a mineral, mercuric sulfide, HgS, occurring in red crystals or masses: the principal ore of mercury.
red mercuric sulfide, used as a pigment.
bright red; vermillion.

1350–1400; < Latin cinnabaris < Greek kinnábari < ?; replacing Middle English cynoper < Medieval Latin, Latin as above

cinnabarine [sin-uh-buh-reen, -ber-in, -bahr-ahyn, -een] , cinnabaric [sin-uh-bar-ik] , adjective Unabridged
Based on the Random House Dictionary, © Random House, Inc. 2014.
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World English Dictionary
cinnabar (ˈsɪnəˌbɑː)
1.  a bright red or brownish-red mineral form of mercuric sulphide (mercury(II) sulphide), found close to areas of volcanic activity and hot springs. It is the main commercial source of mercury. Formula: HgS. Crystal structure: hexagonal
2.  the red form of mercuric sulphide (mercury(II) sulphide), esp when used as a pigment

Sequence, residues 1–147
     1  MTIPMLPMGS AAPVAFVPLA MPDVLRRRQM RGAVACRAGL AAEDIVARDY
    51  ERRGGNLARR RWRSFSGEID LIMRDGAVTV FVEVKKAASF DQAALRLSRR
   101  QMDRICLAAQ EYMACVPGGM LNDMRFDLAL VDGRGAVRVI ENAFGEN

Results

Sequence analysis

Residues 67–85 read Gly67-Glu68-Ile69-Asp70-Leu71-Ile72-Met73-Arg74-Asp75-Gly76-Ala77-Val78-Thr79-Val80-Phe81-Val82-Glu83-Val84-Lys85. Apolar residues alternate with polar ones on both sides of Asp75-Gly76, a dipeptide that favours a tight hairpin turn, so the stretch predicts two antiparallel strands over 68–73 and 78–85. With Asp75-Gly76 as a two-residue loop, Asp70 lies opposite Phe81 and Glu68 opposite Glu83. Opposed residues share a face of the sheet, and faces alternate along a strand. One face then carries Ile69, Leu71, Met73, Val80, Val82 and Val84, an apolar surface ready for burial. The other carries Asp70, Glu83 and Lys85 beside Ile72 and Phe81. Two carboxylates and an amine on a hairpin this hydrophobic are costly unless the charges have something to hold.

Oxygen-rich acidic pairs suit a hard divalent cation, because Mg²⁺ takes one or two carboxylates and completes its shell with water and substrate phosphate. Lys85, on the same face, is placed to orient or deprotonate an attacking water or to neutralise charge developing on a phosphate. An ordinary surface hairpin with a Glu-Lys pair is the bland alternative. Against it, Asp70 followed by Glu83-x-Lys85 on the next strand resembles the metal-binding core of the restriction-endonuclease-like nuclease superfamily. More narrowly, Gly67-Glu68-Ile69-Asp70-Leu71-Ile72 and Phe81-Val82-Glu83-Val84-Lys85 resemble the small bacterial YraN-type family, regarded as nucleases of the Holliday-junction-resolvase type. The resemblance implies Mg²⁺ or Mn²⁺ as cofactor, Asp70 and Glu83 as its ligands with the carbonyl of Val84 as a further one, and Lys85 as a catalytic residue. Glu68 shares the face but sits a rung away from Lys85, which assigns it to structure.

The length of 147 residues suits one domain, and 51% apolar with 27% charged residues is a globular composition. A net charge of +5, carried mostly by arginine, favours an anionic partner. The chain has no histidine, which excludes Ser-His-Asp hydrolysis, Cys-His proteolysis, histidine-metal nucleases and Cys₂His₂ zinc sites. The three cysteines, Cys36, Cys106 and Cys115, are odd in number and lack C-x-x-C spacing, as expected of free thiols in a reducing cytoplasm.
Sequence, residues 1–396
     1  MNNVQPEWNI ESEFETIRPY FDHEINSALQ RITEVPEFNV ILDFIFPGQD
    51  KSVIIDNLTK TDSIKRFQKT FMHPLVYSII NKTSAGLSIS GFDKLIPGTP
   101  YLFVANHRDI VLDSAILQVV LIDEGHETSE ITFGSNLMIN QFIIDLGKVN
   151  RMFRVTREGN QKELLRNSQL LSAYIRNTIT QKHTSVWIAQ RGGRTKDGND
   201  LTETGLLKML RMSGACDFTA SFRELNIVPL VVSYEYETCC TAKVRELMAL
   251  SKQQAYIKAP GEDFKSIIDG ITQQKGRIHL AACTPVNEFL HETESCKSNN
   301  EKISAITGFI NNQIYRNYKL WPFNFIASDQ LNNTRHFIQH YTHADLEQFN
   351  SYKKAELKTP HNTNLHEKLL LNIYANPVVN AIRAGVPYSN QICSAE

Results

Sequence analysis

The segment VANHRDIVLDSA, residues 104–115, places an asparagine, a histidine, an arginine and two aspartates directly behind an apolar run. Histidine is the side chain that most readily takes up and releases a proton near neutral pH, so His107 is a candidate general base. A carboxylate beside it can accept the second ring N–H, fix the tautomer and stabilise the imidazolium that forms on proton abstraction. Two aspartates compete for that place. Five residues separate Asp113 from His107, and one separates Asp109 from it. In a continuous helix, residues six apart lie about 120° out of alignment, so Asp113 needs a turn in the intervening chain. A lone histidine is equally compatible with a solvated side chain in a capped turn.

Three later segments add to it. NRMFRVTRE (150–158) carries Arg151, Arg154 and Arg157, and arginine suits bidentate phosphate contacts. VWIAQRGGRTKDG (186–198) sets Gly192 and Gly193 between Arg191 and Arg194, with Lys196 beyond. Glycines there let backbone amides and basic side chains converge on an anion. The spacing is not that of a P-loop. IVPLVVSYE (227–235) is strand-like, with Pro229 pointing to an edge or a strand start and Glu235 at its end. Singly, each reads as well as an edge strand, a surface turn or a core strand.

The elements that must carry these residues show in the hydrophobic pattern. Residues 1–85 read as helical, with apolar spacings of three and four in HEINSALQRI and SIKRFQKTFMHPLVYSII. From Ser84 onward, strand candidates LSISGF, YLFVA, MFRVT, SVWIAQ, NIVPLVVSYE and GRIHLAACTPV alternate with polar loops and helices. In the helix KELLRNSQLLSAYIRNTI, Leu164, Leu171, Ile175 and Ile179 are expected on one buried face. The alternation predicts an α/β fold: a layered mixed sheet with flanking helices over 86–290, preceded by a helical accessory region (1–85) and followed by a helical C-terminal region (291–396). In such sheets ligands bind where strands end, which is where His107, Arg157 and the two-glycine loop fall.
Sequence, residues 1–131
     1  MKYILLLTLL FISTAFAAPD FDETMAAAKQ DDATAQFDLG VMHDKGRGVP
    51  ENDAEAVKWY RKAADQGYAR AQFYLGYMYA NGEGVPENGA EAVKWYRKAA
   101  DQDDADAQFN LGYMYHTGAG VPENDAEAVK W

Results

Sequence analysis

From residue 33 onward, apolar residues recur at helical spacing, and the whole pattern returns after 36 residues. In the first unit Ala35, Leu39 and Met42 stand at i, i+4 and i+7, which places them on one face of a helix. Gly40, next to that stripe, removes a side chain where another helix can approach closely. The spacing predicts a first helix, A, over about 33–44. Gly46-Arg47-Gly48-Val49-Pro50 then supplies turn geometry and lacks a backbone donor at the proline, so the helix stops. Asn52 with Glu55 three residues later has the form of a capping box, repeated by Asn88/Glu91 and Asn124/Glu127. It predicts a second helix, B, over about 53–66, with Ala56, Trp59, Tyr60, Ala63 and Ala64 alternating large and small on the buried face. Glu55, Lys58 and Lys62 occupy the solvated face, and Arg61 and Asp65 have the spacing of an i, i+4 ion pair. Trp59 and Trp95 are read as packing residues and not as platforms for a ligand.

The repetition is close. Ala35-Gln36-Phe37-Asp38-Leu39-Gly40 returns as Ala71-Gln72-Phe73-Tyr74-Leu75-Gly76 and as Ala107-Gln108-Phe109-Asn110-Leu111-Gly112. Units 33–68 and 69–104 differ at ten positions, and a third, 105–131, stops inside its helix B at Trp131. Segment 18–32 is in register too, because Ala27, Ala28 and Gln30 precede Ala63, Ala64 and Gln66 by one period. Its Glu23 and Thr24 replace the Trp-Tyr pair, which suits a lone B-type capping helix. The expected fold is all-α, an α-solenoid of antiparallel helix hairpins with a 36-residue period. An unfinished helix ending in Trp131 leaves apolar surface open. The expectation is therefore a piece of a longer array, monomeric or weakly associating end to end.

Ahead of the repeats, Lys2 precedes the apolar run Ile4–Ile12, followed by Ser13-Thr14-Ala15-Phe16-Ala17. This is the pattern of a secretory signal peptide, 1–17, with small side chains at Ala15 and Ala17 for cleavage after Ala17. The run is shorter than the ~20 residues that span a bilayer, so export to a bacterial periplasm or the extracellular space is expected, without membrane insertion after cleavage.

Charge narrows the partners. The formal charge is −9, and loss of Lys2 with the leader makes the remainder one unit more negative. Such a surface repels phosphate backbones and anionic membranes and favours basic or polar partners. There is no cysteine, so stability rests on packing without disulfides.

3.  a bright red to reddish-orange; vermilion
4.  a large red-and-black European moth, Callimorpha jacobaeae: family Arctiidae (tiger moths, etc)
[C15: from Old French cenobre, from Latin cinnābaris, from Greek kinnabari, of Oriental origin]

Collins English Dictionary - Complete & Unabridged 10th Edition
2009 © William Collins Sons & Co. Ltd. 1979, 1986 © HarperCollins
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Word Origin & History

1382, "red or crystalline form of mercuric sulphide," also applied to other ores of mercury, originally with reference to its use as a pigment; from O.Fr. cinabre, L. cinnabaris, from Gk. kinnabari, of oriental origin (cf. Pers. zanjifrah in the same sense). Also used 14c.-17c. of red resinous juice
of a certain Eastern tree, which was believed to be a mixture of dragon's and elephant's blood.
Online Etymology Dictionary, © 2010 Douglas Harper
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Example sentences
The metal is obtained by heating cinnabar in a current of air and by condensing the vapor.
Mold-made, cream-slipped, ceramic with red cinnabar.
Cinnabar is resistant to surface weathering and thus is common around these sites and in streams draining the mines.
Cinnabar resembles quartz in its symmetry and certain of its optical characteristics.
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